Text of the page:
Can the Lebanese steer away from the regional turmoil?
Beirut – Visitors to the pricey district of central Beirut should be careful where they tread: dead bodies from the Lebanese civil war could be buried at every corner.
Everything from the city’s pedestrian pathways, to its car parks, to its flashy malls and luxurious skyscrapers may stand on the graves of civilians killed during Lebanon’s 1975-1990 war – and more buried remains could lie scattered throughout Lebanon, experts say.
“Everyone knows that in Lebanon, but no one wants to talk about it,” said Assaad Chaftari, who served as a deputy commander of Christian fighters during the war.
Chaftari, who published an apology letter to his nation for his role in the conflict, has worked since 2000 on peace-building projects, with the aim of healing the wounds of war.
“[The graves are] not an easy subject to speak about,” he told Al Jazeera. “It’s a shame. It’s trauma. It’s an unhealed injury. It’s many sad things altogether.”
The Taif Agreement was signed in 1989 to end the war, which killed an estimated 250,000 people, displaced more than one million others and left 17,000 missing – but according to Chaftari, the conflict has continued to live on.
“The civil war never ended,” he said. “The violence might have been reduced, but the war didn’t end. Militias from all sides are still present across the country. They are armed.”
Chaftari believes that the current lack of interest in uncovering Lebanon’s mass graves is tied to the endless political infighting that has dominated discourse in the country.
“For now, the country is not ready to discuss this issue,” he said, noting that without measures such as transitional justice to address what happened during the 15-year war, Lebanon will remain haunted by its dark legacy. “Truth tribunals and reconciliation committees were established in other countries to help heal the wounds from their past, but this has not happened here.”
Fabien Bourdier, a former delegate with the International Committee of the Red Cross “Missing Project” in Lebanon – an initiative that aids the families of the missing – said that national commissions have played an important role in helping to resolve the fate of missing persons in other countries.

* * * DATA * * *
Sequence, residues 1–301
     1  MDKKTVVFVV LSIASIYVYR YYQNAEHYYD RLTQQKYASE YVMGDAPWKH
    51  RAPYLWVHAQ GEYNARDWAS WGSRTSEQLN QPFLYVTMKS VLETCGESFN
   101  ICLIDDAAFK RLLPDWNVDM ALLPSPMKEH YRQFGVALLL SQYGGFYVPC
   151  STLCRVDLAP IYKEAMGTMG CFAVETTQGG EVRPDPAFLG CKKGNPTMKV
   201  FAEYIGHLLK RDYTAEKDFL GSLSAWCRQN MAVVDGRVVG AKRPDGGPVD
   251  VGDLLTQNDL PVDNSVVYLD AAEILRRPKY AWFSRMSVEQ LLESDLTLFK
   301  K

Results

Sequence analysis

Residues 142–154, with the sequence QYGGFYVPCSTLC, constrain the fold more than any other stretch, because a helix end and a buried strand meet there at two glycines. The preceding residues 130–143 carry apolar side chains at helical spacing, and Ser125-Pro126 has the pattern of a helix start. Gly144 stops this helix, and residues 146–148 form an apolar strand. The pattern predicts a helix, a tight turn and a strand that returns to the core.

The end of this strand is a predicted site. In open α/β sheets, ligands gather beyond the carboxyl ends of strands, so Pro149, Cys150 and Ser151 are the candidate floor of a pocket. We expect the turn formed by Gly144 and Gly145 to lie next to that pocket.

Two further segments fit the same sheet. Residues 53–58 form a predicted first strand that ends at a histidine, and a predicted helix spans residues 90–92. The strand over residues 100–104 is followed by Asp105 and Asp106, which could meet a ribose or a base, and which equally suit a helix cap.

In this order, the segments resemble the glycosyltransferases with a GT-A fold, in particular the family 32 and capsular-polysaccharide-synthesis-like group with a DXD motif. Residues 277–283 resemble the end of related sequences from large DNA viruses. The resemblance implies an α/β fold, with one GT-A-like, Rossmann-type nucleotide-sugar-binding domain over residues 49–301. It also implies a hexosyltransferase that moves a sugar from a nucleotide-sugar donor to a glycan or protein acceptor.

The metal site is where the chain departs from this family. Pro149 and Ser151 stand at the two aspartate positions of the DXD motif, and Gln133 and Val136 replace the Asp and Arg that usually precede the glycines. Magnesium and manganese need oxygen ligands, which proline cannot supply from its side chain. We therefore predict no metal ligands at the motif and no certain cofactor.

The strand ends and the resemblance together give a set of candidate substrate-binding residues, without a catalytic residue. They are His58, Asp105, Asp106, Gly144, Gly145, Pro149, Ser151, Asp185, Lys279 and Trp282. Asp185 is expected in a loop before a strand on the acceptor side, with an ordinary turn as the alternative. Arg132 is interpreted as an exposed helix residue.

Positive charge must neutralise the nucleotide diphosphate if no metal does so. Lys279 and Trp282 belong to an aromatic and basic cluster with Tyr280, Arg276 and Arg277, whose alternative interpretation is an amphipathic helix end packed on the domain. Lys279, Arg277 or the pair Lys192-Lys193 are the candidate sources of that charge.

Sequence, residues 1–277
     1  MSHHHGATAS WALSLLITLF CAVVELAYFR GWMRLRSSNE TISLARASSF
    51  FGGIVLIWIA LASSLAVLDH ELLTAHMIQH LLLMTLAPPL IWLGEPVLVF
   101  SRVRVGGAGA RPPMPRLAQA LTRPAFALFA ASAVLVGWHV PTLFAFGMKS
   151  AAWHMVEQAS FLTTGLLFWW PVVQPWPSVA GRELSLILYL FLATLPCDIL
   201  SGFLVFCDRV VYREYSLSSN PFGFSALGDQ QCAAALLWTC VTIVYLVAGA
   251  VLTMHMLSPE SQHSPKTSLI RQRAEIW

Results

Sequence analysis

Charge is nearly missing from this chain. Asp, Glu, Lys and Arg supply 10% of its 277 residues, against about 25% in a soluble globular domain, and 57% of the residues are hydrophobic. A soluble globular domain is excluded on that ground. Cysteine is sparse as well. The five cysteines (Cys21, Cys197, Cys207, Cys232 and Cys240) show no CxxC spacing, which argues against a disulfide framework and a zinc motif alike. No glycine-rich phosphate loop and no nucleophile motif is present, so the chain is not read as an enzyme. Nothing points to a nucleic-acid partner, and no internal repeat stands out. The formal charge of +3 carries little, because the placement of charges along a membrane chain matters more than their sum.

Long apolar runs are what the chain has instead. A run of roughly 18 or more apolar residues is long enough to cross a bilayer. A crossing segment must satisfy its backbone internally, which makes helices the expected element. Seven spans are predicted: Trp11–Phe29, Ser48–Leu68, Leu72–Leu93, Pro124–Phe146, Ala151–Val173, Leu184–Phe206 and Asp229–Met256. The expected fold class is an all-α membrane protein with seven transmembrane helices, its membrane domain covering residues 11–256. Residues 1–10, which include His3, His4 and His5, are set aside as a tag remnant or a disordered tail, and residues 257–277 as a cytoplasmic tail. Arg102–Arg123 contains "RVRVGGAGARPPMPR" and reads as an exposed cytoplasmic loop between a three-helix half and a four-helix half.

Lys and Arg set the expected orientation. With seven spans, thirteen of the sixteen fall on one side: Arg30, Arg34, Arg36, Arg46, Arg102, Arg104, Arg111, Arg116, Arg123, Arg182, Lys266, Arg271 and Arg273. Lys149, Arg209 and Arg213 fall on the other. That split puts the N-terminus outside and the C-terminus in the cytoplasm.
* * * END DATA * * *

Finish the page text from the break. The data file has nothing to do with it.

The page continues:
If an independent national commission was established, it would have the mandate to investigate the cases of the missing, which means to uncover the mass graves and start the identification process.
“If an independent national commission was established, it would have the mandate to investigate the cases of the missing, which means to uncover the mass graves and start the identification process,” said Bourdier, who has also worked on cases of forced disappearances in Iraq and Ukraine.
“Lebanon is a very complicated case due to the absence of a mechanism, or a national entity with a mandate to collect data and uncover the fate of missing people,” he told Al Jazeera.
Over the past two decades, the Lebanese government has avoided discussion of the mass graves and forced disappearances that occurred during the civil war. In 2000, a government committee consisting of five military and intelligence officers recommended considering the missing people dead.
Many Lebanese politicians have said that instead of rehashing the past, Lebanon needs to move forward. “We must leave the past in order to build a future,” former army general Michel Aoun, who has since been appointed president, said in a press conference early this year.
Hassana Jamaleddine, a founding member of the Committee of the Families of Kidnapped and Disappeared in Lebanon, says this attitude is unacceptable.
“They started the civil war, all of them – not us,” Jamaleddine told Al Jazeera. “All those who now believe that talking about the past brings back the civil war, are the same ones who started the war and fought it for 15 years.”
In 1991, an Amnesty Law pardoned crimes that took place during the war – a move that civil rights activists say has thwarted the quest for justice, truth and reconciliation in Lebanon.
“They got amnesty for killing and burying people, not for hiding the truth,” said Jamaleddine, sipping a coffee at a pavement cafe in the heart of Beirut. “If you have information about the fate of the people that you killed and you don’t reveal it, if you hide the truth, then this is a continuing crime. There is no amnesty for this crime.”
For the families of the missing, she added, “the tragedy is not just what happened during the civil war. The bigger tragedy is the unending, deep impact of the war on their uncertain lives.”
The quest to discover the whereabouts of those who went missing during the civil war is not an easy one in Lebanon, which has been in a state of political turmoil and only recently appointed a new president after the position stood vacant for two years.
Under international law, enforced or involuntary disappearance is a continuing crime until the fate of the disappeared person has been clarified. According to the United Nations, enforced disappearance is a crime against humanity and the perpetrators are prosecutable in a court of law. But the reality of what happens on the ground often differs from the regulations on paper.
“Mass graves are not our only unsolved case,” said Carmen Abou Jaoude, who heads Lebanon’s International Centre for Transitional Justice. “Look at the car bombings, assassinations and other violations of law and human rights in Lebanon. Which one of those cases has been brought to justice?”
The mass graves are simply the most symbolic issue in the country’s post-civil-war era, she added.
“It is like burying a war, as if nothing had happened on this land,” Abou Jaoude said. “They don’t want to open these graves and face the truth about what happened back then. This is a huge denial of the past, and that’s how the perpetrators enjoy impunity.”